Friday, August 23, 2013

How High are Yields Likely to Rise?

How high are bond yields likely to rise? That question has been on the mind of investors since rates began to rise in earnest with Ben Bernanke’s comments in front of Congress in late May. After starting the year at just over 1.75%, the yield on the US 10-year Treasury bond rose to just more than 2.05% in March before declining through early May, reaching its low for the year at 1.63% on May 2nd. They have been on an upward trajectory since, accelerating after Bernanke’s testimony and reaching 2.88% on August 19th. Much of the rise in yields has been due to concern that the Fed will taper its purchase of Treasury and mortgage-backed securities as soon as next month and that it may end its purchases as early as next spring. If the Fed does indeed taper its purchases beginning next month, how high are yields likely to rise?
Using month-end data from January 1970 through June of this year (two data points were unavailable, those for March 1972 and May 1976), the spread, or yield difference, between 3-month T-bills and 10-year Treasuries has only been greater than 4% on two occasions and it has typically been around 1.50%. As this is being written, it is 2.78% (Chart 1). While the Fed is indeed likely to taper its bond purchases in the immediate future and may even end them next year, the probability of them raising their policy rate, currently at 0%, prior to the end of next year is extremely low. We would suggest that it is unlikely prior to 2015 and PIMCO has suggested it might not occur until 2016. As such, short-term rates are likely to remain extremely low over the next two years. The widest spread between 3-month T-bills and the 10-year bond occurred in the 3rd quarter of 1982, as short rates plunged from record highs as Fed Chairman Paul Volcker’s tightening campaign began to bring inflation under control (Chart 2). With the 3-month T-Bill currently at 0.05%, we can safely rule out a large decline in short rates that will push the spread higher. That means to push the spread to 4%, we would need the yield on the 10-year bond to rise just north of 4%. It’s hard to see what would push the 10-year yield north of 4%. Inflation remains well anchored as the velocity of money is extremely low, with most of the money the Fed has printed remaining deposited at the Fed in the form of excess bank reserves. More than 82% of the US money supply was on deposit with the Fed as of the end of July. From January of 1959 through the end of 2007, the average was just 6.18%. Economic growth remains weak with the growth in each of the last three quarters below 2% on an annualized basis. Importantly, even as the Fed tapers, declining budget deficits will lead to reduced debt issuance and the Fed’s purchases are likely to remain a relatively consistent percentage of issuance over the next six to 12 months. Finally, from 2004 through 2006, when the US economy was in significantly better condition than it is currently, the average yield on the 10-year Treasury was just about 4.50%.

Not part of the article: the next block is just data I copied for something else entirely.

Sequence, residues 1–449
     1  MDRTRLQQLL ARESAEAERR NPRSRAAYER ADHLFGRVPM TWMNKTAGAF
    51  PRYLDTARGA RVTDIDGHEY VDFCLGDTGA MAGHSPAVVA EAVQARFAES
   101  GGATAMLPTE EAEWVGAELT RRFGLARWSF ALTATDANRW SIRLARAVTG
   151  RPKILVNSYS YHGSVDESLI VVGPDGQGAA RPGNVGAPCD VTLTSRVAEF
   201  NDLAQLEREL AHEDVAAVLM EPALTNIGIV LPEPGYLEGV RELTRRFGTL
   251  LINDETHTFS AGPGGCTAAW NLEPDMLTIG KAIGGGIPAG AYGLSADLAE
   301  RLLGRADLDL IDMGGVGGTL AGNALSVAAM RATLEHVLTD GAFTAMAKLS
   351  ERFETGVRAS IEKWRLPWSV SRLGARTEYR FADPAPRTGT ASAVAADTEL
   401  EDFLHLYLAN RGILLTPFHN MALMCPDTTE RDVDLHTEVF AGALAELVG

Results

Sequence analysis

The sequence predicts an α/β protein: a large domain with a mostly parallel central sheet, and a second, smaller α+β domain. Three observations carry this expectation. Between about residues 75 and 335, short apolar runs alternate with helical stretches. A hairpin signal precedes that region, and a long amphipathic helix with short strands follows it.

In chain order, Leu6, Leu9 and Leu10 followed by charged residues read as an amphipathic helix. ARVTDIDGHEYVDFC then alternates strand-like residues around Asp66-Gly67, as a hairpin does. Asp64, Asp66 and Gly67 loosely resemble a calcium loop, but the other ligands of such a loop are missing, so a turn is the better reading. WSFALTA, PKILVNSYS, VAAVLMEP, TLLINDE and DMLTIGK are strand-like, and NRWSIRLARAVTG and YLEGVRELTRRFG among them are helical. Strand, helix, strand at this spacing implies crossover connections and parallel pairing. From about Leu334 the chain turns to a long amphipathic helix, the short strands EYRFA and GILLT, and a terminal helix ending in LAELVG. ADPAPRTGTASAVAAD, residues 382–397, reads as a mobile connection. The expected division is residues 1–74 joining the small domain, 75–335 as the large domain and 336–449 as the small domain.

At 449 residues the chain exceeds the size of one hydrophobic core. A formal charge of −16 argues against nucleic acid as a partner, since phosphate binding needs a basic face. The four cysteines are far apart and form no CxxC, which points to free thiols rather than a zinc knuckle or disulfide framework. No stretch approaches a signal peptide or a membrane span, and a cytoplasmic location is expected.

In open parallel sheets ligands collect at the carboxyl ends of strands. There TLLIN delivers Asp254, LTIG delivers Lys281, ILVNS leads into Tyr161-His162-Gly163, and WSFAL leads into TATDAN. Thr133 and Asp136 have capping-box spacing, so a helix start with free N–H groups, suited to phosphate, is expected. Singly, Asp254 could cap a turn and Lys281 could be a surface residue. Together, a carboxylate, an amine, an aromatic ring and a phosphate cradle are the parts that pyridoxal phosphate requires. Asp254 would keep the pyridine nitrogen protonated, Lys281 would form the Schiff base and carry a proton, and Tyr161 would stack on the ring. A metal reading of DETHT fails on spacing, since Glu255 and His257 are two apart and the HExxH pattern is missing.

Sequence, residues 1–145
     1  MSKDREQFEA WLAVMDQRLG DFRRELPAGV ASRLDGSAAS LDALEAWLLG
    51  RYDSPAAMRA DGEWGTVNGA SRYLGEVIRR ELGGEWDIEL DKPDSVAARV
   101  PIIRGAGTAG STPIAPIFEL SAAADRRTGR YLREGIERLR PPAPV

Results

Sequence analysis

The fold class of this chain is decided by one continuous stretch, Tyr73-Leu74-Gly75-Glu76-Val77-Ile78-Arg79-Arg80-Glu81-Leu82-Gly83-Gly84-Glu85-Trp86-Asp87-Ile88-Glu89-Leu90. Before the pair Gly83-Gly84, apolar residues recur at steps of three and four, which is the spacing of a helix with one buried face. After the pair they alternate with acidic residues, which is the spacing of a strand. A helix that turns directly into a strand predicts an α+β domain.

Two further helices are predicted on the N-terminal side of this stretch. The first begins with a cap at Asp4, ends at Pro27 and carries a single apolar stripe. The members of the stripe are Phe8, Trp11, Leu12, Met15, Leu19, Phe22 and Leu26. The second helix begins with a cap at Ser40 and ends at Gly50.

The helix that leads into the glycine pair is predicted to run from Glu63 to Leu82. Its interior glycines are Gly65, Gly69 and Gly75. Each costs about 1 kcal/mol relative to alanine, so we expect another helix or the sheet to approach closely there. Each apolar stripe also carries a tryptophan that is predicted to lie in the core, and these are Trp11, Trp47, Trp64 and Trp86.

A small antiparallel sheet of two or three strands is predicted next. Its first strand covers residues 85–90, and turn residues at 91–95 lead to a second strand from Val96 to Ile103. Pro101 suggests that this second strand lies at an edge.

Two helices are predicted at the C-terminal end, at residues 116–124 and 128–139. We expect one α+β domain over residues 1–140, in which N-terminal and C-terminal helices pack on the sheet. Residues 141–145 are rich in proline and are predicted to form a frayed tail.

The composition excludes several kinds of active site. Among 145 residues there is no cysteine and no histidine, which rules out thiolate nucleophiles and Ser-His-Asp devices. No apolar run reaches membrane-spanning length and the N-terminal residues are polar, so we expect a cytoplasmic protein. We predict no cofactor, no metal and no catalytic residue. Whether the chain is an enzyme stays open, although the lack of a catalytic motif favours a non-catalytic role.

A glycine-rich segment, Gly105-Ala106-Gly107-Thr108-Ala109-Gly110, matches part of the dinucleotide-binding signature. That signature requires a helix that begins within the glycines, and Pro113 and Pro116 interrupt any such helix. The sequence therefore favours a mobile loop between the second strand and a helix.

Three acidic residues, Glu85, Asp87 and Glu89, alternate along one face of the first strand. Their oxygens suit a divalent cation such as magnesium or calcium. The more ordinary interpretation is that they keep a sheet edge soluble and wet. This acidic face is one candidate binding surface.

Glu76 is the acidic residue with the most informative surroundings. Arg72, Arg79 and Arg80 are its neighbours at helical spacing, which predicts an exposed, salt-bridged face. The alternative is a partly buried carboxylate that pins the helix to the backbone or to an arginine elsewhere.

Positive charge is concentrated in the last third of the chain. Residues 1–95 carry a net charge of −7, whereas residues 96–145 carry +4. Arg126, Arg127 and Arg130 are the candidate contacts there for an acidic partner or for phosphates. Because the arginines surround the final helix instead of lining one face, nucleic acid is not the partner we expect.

All of the above would suggest that there is little likelihood that the 10-year yield will rise above 4% anytime in the near future. In fact, we would suggest that the yield on the 10-year is unlikely to rise above 3.50% over the next 12-18 months and we consider a move to 4% or slightly higher as an unlikely event over the next two years. If we are correct, more than half the increase in yields is already behind us. It has been a sharp and painful move higher, but continued monetary ease coupled with weak growth is likely to place a cap on the 10-year and something below 4%.